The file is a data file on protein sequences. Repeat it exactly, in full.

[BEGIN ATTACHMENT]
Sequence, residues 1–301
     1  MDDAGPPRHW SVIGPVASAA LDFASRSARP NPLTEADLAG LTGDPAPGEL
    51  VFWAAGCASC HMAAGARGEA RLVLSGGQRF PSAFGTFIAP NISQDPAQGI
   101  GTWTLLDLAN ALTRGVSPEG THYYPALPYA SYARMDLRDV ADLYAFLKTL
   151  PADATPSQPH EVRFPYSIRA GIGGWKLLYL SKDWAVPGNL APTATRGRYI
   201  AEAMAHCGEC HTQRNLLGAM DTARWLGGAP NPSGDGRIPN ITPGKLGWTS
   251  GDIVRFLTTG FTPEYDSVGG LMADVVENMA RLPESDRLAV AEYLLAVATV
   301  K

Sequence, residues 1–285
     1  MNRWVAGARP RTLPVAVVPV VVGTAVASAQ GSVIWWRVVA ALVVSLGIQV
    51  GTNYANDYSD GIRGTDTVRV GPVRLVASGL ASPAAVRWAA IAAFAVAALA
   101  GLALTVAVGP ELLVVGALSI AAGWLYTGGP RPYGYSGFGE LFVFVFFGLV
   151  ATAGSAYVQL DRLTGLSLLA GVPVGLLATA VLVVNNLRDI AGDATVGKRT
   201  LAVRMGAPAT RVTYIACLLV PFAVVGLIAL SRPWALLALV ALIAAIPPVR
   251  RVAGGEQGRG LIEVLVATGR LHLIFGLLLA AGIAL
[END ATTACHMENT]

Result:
Sequence, residues 1–301
     1  MDDAGPPRHW SVIGPVASAA LDFASRSARP NPLTEADLAG LTGDPAPGEL
    51  VFWAAGCASC HMAAGARGEA RLVLSGGQRF PSAFGTFIAP NISQDPAQGI
   101  GTWTLLDLAN ALTRGVSPEG THYYPALPYA SYARMDLRDV ADLYAFLKTL
   151  PADATPSQPH EVRFPYSIRA GIGGWKLLYL SKDWAVPGNL APTATRGRYI
   201  AEAMAHCGEC HTQRNLLGAM DTARWLGGAP NPSGDGRIPN ITPGKLGWTS
   251  GDIVRFLTTG FTPEYDSVGG LMADVVENMA RLPESDRLAV AEYLLAVATV
   301  K

Sequence, residues 1–285
     1  MNRWVAGARP RTLPVAVVPV VVGTAVASAQ GSVIWWRVVA ALVVSLGIQV
    51  GTNYANDYSD GIRGTDTVRV GPVRLVASGL ASPAAVRWAA IAAFAVAALA
   101  GLALTVAVGP ELLVVGALSI AAGWLYTGGP RPYGYSGFGE LFVFVFFGLV
   151  ATAGSAYVQL DRLTGLSLLA GVPVGLLATA VLVVNNLRDI AGDATVGKRT
   201  LAVRMGAPAT RVTYIACLLV PFAVVGLIAL SRPWALLALV ALIAAIPPVR
   251  RVAGGEQGRG LIEVLVATGR LHLIFGLLLA AGIAL